The temporomandibular (tem-puh-roe-mun-DIB-u-lur) joint (TMJ) acts like a sliding hinge, connecting your jawbone to your skull. TMJ disorders can cause pain in your jaw joint and in the muscles that control jaw movement.
The exact cause of a person's TMJ disorder is often difficult to determine. Your pain may be due to a combination of problems, such as arthritis or jaw injury. Some people who have jaw pain also tend to clench or grind their teeth, but many people habitually clench their teeth and never develop TMJ disorders.
In most cases, the pain and discomfort associated with TMJ disorders can be alleviated with self-managed care or nonsurgical treatments. Severe TMJ disorders may require surgical repair.
TMJ disorders affect the temporomandibular joint, located on each side of your head in front of your ears. A soft disk acts as a cushion between the bones of the joint, so the joint can move smoothly....
Signs and symptoms of TMJ disorders may include:
TMJ disorders can also cause a clicking sound or grating sensation when you open your mouth or chew. But if there's no pain or limitation of movement associated with your jaw clicking, you probably don't need treatment for a TMJ disorder.
When to see a doctor
The temporomandibular joint (TMJ) combines a hinge action with sliding motions. The parts of the bones that interact in the joint are covered with cartilage and are separated by a small shock-absorbing disk, which normally keeps the movement smooth.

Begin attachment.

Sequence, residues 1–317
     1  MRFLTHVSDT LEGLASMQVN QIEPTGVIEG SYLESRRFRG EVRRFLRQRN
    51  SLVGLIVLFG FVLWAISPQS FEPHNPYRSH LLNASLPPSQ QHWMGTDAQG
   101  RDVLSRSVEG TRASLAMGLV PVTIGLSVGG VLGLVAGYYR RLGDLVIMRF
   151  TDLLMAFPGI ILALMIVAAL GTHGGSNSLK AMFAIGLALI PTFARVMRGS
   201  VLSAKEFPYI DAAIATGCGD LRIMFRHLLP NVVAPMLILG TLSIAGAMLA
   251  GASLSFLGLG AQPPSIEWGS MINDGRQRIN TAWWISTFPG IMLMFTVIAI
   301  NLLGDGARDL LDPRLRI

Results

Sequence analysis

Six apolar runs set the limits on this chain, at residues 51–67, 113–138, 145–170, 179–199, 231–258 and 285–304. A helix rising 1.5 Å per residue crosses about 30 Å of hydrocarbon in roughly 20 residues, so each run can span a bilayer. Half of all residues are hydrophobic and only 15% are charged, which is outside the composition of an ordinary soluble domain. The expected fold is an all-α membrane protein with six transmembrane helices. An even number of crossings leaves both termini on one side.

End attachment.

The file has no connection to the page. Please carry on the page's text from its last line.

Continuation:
Painful TMJ disorders can occur if:
In many cases, however, the cause of TMJ disorders isn't clear.
TMJ disorders most commonly occur in women between the ages of 20 and 40, but may occur at any age.
Preparing for your appointment
You'll probably first talk about your TMJ symptoms with your family doctor or dentist. If their suggested treatments don't provide enough relief, you may eventually be referred to a doctor who specializes in TMJ disorders.
What you can do
What to expect from your doctor or dentist
Tests and diagnosis
During the physical exam, your doctor or dentist will probably:
If your doctor or dentist suspects a problem with your teeth, you may need X-rays. A CT scan can provide detailed images of the bones involved in the joint, and MRIs can reveal problems with the joint's disk.
Treatments and drugs
In some cases, the symptoms of TMJ disorders may go away without treatment. If your symptoms persist, your doctor may recommend a variety of treatment options.
Surgical or other procedures
Lifestyle and home remedies
Becoming more aware of tension-related habits — clenching your jaw, grinding your teeth or chewing pencils — will help you reduce their frequency. The following tips may help you alleviate symptoms of TMJ disorders:
Complementary and alternative medicine techniques can sometimes help control the chronic pain often associated with TMJ disorders. Examples include:
Last Updated: 2012-12-13
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